As you can see, the Raptor Liner makes a very attractive coating under the car. It leaves a nice rich black textured surface that not only looks good, but also can stand up to being driven. With the Raptor Liner underneath you can drive the car and enjoy it, knowing that the car is as well protected as possible from damage and rust. Some may disagree, but I think having a car I can drive and enjoy is much more desirable than a trailer queen.

Photos 10-12 show the Raptor Liner going onto the trunk and floor pans of the car. It looks just as good on the inside as it does underneath. While this will be covered with carpet and won’t be seen, it will still provide the sound deadening properties, and more importantly, rust protection into the future. The floor and trunk pans always rust out on these old cars. Well, they did, but that won’t be an issue on this Chevelle thanks to the Raptor Liner coating.

The last seven photos, numbers 13-20, show the final layer of primer for today, Slick Sand. Slick Sand is a high-solids primer that we use to smooth body panels for our High Performance Finish. One of the hallmarks of the High Performance Finish are the razor sharp reflections in the paint. Those reflections can only be obtained if the body panels are dead straight and true.

Only the super-expensive cars like Bentleys and Roll Royces have perfect bodywork from the factory. It is just a fact that all cars have some slight rippling in the bodywork, even fresh from the factory. And the panels of a near forty year old car? Oh yeah. Be sure to wave as you go by because it will be waving back.

Most people don’t even notice the ripples because they are very slight, all cars have them, and the factory paint finish just isn’t good enough to make the ripples really pop out. Next time your new car is out in the sun, sight along the side of your car and you will see what I mean. While this is understandable and normal for a mass produced car, it is not acceptable on a restoration such as this.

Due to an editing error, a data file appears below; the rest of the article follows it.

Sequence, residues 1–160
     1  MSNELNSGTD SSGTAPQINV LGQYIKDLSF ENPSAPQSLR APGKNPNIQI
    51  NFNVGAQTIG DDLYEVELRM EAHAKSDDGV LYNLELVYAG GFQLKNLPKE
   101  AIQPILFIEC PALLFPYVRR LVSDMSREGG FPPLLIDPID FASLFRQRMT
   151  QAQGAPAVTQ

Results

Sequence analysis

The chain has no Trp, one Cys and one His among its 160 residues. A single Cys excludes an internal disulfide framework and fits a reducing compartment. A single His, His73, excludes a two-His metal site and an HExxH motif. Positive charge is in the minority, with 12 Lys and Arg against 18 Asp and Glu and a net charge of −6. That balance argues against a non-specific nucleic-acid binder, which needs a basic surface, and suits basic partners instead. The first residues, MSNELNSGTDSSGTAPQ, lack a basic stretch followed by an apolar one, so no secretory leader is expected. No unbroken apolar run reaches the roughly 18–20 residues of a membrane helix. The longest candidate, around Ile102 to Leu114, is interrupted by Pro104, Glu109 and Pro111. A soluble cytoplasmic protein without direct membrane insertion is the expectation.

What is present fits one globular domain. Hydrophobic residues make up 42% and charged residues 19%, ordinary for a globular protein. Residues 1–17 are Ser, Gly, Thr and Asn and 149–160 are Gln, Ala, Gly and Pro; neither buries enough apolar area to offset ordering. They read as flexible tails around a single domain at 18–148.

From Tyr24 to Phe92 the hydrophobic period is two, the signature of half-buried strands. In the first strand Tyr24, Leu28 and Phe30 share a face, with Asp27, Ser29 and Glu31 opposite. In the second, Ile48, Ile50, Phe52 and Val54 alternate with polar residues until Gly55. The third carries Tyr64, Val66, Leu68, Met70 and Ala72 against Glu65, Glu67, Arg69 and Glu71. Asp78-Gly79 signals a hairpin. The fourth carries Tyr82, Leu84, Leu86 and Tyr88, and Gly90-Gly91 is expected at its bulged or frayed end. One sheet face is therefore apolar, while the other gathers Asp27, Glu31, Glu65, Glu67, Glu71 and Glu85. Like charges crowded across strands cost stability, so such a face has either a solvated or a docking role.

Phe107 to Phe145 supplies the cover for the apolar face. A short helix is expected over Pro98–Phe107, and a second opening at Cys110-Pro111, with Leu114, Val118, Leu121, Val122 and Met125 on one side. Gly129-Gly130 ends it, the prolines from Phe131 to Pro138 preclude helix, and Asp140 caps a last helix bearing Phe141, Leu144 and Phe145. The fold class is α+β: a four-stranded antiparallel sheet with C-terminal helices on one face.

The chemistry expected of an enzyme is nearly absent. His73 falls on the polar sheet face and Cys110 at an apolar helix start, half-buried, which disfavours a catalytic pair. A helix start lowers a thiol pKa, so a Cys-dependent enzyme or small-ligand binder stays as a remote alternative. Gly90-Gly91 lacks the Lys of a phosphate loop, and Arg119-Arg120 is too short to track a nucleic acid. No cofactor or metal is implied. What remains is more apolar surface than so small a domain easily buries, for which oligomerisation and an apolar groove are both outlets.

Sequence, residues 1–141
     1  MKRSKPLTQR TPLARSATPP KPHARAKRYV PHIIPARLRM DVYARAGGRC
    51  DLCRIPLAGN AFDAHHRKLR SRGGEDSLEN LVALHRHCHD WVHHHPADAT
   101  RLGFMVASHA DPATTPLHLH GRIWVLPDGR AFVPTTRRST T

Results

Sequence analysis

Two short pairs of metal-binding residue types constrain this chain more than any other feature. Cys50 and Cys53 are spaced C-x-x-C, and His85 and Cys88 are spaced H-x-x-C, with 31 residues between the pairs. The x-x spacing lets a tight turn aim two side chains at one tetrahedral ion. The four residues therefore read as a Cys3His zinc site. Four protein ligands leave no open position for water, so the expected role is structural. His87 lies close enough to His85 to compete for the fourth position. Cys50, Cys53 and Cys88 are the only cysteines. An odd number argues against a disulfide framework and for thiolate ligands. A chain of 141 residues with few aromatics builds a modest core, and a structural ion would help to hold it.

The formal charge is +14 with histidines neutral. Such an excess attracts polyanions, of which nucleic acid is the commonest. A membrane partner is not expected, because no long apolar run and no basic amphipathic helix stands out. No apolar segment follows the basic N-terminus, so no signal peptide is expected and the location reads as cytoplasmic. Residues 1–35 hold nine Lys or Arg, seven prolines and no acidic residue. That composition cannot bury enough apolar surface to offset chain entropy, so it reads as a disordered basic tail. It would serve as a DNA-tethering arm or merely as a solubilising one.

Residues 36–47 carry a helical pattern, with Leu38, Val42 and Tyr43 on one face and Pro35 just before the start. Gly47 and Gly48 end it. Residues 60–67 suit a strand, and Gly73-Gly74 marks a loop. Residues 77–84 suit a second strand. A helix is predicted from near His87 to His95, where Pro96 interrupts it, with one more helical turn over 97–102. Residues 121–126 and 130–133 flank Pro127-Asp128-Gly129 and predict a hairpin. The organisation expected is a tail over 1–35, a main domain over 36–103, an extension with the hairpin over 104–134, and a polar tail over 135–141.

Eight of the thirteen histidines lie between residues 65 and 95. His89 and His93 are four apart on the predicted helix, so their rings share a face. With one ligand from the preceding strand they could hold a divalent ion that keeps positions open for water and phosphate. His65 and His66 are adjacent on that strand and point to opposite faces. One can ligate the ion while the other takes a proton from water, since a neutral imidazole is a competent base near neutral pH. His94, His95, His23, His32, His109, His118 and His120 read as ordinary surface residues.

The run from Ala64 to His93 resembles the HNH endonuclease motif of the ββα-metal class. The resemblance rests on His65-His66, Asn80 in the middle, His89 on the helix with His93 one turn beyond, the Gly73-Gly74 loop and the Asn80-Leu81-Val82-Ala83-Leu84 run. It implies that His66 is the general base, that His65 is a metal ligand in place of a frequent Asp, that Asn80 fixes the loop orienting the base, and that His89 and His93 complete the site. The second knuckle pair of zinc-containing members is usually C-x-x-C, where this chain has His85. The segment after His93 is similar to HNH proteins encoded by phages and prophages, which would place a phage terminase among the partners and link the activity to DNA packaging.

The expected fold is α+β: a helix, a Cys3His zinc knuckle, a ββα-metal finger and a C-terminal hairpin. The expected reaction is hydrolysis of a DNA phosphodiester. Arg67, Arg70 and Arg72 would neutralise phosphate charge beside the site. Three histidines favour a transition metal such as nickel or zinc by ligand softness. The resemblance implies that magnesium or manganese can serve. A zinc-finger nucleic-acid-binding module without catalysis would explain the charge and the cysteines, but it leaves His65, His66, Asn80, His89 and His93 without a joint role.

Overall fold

Have you ever wondered why it is that show car paint always looks so beautiful, so deep, rich and glossy? It is because who ever was painting it took the time to make sure the body panels were ripple free before the paint was applied. There is more too it than that of course, but this is where that gorgeous paint starts. The average person might not know why the paint on a show car looks so much better than the average car, but people certain notice when the extra care is taken.

Anyway, because the gloss of the High Performance Finish far exceeds the finish on the average family car, any ripples in the body work are much more noticeable. They show up as distortions in the reflections, causing straight lines to warp and twist slightly. Slick Sand allows us to remove these small imperfections so the reflected images are not distorted.

The Slick Sand primer contains a high solids content, solids that when dry form a hard surface that can be sanded away, filling low spots and smoothing down high spots. Slick Sand won’t fill in dents, but it will cover the slight rippling that will spoil a high end paint finish. I will talk more about sanding, or long blocking, a car when we begin the blocking process on this car.

Finally, about seven o’clock Friday evening, the last coat of Slick Sand went on the car. It will dry over the weekend so that on Monday it will be ready to sand off.

Such is the life of a paint and body man. Spray it on today, sand it off tomorrow.